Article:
Hospitality Tax survives after city council vote

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Monday, Feb. 22, 2016 News 12 NBC 26 News at 11

AIKEN, S.C. (WRDW/WAGT) -- It's a tax that has more than just city council split.

"Tax benefits it because I think they're going to find the extra money to do some things with that the city needs," Harry Schmidt, who lives in Aiken, said.

But for every person who think it benefits the city, there are those like Teri Sullivan.

"I believe that there are necessary taxes, I do not believe this was a necessary tax," Sullivan said.

The tax has raised $780,860.87 since June, off a 1 percent tax you pay when you go to eat. That is almost $100,000 more than expected, but they have spent $67,579.84. City manager John Klimm says they want to be careful.

"The city council has directed us to be very conservative in terms of how we spend the money," Klimm said.

So far the money has gone to storm water management on Whiskey Road. Concerns about it impacting businesses are almost gone.

"Now the 1 percent, I'm going somewhere else to eat, nobody is going to do that," Schmidt said, over the initial worries of people going somewhere else to eat.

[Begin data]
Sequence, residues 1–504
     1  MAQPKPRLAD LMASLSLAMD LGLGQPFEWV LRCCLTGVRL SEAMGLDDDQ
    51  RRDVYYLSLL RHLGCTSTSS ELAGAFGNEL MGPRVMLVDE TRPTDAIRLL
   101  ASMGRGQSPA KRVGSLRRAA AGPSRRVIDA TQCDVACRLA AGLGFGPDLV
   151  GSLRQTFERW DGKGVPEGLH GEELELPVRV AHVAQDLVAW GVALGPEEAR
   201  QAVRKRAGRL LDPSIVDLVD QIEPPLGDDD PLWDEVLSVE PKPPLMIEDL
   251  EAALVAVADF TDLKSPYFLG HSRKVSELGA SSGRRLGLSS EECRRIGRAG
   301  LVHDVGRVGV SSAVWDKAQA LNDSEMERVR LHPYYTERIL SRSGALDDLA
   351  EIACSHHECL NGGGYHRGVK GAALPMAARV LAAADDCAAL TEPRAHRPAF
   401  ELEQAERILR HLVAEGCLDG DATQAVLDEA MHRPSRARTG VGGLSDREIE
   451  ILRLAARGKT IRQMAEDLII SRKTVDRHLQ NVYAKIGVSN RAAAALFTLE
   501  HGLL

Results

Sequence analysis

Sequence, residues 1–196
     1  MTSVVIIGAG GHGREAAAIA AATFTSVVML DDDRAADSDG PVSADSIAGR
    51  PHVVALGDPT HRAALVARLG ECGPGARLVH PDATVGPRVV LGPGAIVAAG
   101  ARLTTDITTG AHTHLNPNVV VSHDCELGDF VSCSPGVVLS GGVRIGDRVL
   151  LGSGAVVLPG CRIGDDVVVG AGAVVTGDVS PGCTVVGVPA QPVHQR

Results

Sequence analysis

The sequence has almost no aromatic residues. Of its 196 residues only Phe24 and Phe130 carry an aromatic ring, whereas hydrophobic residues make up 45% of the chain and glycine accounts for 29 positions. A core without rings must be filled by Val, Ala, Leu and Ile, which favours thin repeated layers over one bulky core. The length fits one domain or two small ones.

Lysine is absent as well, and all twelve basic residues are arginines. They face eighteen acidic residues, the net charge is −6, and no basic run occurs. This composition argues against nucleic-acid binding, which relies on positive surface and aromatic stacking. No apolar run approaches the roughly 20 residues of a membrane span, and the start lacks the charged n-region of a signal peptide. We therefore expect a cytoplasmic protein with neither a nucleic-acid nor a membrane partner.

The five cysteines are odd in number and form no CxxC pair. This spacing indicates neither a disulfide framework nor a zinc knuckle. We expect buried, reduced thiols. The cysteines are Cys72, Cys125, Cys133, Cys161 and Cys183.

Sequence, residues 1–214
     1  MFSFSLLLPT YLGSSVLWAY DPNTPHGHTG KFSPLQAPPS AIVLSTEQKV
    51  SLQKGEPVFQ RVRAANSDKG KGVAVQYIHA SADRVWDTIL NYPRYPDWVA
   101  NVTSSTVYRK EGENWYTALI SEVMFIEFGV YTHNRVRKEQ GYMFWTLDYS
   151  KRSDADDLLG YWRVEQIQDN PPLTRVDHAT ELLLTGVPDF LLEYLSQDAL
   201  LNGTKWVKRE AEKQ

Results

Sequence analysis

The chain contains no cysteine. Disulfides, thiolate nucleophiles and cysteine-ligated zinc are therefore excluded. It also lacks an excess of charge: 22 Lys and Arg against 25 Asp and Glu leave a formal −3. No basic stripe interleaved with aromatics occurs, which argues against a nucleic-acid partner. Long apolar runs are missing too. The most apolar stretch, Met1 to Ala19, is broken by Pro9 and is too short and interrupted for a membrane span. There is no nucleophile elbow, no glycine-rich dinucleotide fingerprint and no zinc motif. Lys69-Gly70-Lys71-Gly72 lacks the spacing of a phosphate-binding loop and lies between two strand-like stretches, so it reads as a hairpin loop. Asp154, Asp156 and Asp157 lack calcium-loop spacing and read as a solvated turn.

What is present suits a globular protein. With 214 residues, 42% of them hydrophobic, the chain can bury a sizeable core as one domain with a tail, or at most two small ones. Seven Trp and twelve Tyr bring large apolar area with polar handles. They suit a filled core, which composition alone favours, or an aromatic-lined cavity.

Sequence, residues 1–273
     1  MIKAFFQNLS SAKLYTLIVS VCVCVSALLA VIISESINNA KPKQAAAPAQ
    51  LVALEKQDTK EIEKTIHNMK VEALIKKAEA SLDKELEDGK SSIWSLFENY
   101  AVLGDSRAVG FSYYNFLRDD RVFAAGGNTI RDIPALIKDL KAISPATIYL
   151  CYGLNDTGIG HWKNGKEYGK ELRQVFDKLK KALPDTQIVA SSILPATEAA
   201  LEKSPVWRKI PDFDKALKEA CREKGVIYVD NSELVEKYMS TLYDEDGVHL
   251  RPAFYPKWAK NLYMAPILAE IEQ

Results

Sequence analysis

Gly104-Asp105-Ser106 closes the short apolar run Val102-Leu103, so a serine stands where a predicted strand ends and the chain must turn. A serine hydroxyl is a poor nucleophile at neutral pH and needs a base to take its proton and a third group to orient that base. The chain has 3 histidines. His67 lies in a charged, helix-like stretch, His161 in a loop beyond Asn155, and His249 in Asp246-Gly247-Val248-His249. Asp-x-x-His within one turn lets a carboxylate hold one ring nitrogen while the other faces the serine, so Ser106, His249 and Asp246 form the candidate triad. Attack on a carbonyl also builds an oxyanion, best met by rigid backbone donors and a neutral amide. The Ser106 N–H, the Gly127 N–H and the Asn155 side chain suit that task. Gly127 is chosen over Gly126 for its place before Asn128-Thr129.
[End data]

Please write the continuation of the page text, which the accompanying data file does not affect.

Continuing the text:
But the concern shifted to how the tax could jeopardize the Capital Project Sales Tax, which brought in more than $1.3 Million this past quarter.

"Maybe I'm wrong, I don't know, but clearly CPST4 (Capital Project Sales Tax) is more important than the Hospitality Tax," Councilman Dick Dewar said.

As for the Hospitality Tax, tonight's 4-3 vote means it will stick around. But people are still concerned about where that money will go.

"They have the money and they haven't said yet where it's going, but the money's there," Schmidt said.

Klimm says the priorities for the money are infrastructure, Whiskey Road improvements and fixing the downtown parking problem, which could include a parking garage. But some, like Sullivan, have yet to see any concrete plan.

"Show the voters exactly what it's going to go for and they have not done that," Sullivan said.